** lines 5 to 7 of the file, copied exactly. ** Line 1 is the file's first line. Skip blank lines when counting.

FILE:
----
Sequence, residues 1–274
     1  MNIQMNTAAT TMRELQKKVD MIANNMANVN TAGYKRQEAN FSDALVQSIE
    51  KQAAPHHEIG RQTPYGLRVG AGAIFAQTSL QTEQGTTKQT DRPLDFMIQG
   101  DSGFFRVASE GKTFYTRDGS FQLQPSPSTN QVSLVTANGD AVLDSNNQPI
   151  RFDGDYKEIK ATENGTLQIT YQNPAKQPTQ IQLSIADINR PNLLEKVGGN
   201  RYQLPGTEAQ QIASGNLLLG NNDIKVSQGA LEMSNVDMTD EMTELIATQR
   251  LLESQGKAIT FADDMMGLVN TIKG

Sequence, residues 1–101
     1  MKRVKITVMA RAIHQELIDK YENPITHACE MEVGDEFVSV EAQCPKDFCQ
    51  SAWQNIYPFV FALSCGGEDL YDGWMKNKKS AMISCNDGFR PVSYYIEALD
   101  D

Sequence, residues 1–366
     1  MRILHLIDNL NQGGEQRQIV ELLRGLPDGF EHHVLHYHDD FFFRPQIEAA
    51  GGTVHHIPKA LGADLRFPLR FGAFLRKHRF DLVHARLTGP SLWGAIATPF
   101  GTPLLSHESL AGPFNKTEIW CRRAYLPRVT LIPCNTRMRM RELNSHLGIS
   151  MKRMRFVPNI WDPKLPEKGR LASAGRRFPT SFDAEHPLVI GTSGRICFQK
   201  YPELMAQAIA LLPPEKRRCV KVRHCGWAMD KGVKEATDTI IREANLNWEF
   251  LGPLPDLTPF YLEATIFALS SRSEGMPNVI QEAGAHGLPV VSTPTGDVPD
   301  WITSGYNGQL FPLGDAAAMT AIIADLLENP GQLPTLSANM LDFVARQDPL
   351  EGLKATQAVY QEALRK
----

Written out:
   151  RFDGDYKEIK ATENGTLQIT YQNPAKQPTQ IQLSIADINR PNLLEKVGGN
   201  RYQLPGTEAQ QIASGNLLLG NNDIKVSQGA LEMSNVDMTD EMTELIATQR
   251  LLESQGKAIT FADDMMGLVN TIKG